Royals catcher Salvador Perez says if he thinks an umpire missed a pitch, he probably won’t say anything right away — Perez knows that umpiring in the big leagues is a very tough job. But if the umpire keeps missing pitches, he’ll eventually speak up.
When he doesn’t get a call, catcher Drew Butera might ask where the umpire had the pitch and then take the blame; Butera will say he didn’t do a very good job of presenting the pitch to the umpire.
Butera will tell the umpire he’ll show him the same pitch again, but this time he’ll get lower and give the umpire a better view.
That’s smart because Butera is taking responsibility for a missed pitch, and that might make the umpire more open-minded about the next one. Which is one reason we might see a pitch called a ball and a similar pitch called a strike: The catcher might have changed the way he was presenting the pitch.
Catchers can also let the umpire know they think he missed a pitch without saying a word. They’ll start to throw the ball back to the pitcher and when the pitch is called a ball, delay their throw; it looks like the catcher has collapsed in disbelief ... how could the umpire call that pitch a ball?
If the umpire decides he’s had enough of the catcher’s antics, he might decide to clean home plate. That gives the umpire a chance to get in the catcher’s face and tell him to quit complaining. Cleaning home plate disguises the lecture.
Pitchers can use body language to express their opinion, too.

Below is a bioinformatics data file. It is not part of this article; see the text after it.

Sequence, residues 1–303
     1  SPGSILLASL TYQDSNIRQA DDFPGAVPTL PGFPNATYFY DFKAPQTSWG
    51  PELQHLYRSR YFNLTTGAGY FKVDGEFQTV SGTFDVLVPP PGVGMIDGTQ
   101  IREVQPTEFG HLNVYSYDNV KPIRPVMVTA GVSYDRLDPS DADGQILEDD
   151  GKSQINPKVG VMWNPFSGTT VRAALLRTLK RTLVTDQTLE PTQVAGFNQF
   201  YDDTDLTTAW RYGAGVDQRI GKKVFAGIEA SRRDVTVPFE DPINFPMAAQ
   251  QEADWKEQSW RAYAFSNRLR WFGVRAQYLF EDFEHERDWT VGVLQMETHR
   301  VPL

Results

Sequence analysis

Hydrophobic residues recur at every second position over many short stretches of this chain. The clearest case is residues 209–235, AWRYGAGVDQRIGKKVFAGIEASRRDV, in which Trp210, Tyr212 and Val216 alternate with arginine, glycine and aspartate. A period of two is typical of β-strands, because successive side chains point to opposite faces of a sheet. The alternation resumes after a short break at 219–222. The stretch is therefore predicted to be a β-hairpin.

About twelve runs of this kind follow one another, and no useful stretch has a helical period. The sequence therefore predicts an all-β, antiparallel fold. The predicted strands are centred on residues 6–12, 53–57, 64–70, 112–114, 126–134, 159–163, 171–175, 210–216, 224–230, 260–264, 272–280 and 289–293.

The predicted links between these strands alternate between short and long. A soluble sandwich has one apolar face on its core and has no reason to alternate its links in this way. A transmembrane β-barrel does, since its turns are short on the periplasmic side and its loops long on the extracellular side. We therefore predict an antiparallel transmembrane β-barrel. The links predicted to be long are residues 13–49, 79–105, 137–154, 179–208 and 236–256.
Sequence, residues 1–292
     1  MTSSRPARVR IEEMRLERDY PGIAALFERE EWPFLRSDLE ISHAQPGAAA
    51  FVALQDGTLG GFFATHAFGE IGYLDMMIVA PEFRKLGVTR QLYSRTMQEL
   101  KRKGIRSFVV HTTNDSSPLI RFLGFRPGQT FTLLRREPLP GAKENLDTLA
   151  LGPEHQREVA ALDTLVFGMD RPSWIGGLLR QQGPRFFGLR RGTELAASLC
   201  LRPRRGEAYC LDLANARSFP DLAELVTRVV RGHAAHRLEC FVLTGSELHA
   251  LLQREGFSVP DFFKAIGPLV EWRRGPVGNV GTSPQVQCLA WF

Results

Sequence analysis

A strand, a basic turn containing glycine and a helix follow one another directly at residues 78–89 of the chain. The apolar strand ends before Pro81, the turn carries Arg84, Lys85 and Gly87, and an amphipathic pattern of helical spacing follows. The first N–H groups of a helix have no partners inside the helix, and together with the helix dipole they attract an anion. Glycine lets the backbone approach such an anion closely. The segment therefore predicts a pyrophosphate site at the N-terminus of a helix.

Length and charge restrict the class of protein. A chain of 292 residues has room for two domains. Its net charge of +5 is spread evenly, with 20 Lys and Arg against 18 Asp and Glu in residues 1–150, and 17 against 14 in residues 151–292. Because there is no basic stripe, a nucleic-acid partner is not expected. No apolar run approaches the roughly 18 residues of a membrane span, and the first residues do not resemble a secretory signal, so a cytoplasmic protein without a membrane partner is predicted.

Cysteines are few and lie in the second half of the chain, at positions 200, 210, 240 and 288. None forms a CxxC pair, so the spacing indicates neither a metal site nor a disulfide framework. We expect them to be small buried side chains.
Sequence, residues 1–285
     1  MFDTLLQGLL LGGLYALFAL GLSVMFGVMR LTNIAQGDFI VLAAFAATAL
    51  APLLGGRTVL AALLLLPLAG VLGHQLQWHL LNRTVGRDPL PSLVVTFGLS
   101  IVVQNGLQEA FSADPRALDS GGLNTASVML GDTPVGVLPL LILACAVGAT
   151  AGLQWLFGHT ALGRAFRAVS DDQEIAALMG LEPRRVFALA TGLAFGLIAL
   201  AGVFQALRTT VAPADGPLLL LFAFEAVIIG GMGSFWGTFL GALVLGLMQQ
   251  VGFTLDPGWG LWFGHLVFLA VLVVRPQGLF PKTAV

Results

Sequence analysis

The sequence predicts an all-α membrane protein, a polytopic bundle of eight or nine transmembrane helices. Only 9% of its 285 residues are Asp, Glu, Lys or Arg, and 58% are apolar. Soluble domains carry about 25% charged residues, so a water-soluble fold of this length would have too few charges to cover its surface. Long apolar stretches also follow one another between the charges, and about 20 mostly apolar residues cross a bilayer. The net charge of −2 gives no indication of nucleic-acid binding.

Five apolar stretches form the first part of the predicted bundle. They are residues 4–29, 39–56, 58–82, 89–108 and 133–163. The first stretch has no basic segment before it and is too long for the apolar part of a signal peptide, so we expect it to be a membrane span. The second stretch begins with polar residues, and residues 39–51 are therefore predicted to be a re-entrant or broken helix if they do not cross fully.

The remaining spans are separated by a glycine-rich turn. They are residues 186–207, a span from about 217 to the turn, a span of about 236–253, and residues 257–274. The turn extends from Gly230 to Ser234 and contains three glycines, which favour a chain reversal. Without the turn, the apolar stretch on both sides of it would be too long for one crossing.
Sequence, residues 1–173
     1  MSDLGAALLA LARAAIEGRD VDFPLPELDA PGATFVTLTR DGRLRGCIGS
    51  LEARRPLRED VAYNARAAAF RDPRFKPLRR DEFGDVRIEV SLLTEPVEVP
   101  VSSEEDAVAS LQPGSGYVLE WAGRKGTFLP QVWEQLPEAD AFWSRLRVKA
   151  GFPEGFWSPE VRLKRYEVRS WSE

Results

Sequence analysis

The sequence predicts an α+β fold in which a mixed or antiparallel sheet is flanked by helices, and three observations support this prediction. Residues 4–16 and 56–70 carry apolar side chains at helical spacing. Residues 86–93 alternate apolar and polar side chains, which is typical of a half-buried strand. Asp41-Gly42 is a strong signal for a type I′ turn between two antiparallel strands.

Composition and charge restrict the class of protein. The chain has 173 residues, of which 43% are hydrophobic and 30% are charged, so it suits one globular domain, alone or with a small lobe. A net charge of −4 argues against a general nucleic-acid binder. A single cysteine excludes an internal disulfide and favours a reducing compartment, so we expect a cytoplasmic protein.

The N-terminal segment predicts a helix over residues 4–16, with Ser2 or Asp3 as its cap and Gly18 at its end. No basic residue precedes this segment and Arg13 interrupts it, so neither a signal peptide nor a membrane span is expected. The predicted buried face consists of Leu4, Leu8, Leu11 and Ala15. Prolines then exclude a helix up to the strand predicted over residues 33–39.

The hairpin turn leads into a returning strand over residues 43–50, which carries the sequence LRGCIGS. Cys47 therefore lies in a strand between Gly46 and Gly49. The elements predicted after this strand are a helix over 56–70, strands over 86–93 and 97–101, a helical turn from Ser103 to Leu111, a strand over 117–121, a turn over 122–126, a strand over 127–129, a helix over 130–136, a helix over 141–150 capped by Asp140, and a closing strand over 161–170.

If pitchers don’t like a call, he’ll sometimes snatch the throw back to the mound and then stalk off to sulk. He might stare into the outfield long enough to let the umpire know he’s mad about the call.
Or the pitcher might walk off the mound early when he thinks he’s thrown an inning-ending strike.
If the pitch is called a ball, you might see a pitcher tap his chest. That’s an apology to the umpire: “My bad.” No chest tap and the pitcher is telling the umpire he thinks the inning should be over and isn’t apologizing for his opinion.
If the pitcher thinks the umpire is missing a particular pitch, he might walk toward home plate and ask where the pitch is located; does the umpire think it’s too high? Too low?
That’s another way for a pitcher to let the umpire know that he doesn’t understand why these great pitches aren’t being called strikes.
Yelling from the mound lets everybody know the pitcher is questioning the umpire’s judgment. If a pitcher gets too worked up, smart catchers intervene; they’ll tell the umpire not to worry and then go to the mound to tell the pitcher to cool it.
Nobody in the game thinks the strike-zone grids we see on TV are 100 percent accurate, but Butera says they’ve changed the game.
These days, umpires have less leeway on their calls. If the grid says an ump missed a pitch, it won’t be long before someone sends out a Tweet or makes a YouTube video showing just how bad the call really was.
If a hitter thinks he got rung up on a pitch outside the zone, he might go to the video room during the game — they’re often just outside the dugout — and watch a replay. The player might then return to the dugout to yell at the umpire, but that lets everyone in the stands know something is going on, and once again that violates the unwritten rule of arguing balls and strikes.
You can have a debate at the plate, but be subtle about it.
And if you aren’t subtle, you might get tossed out of the game.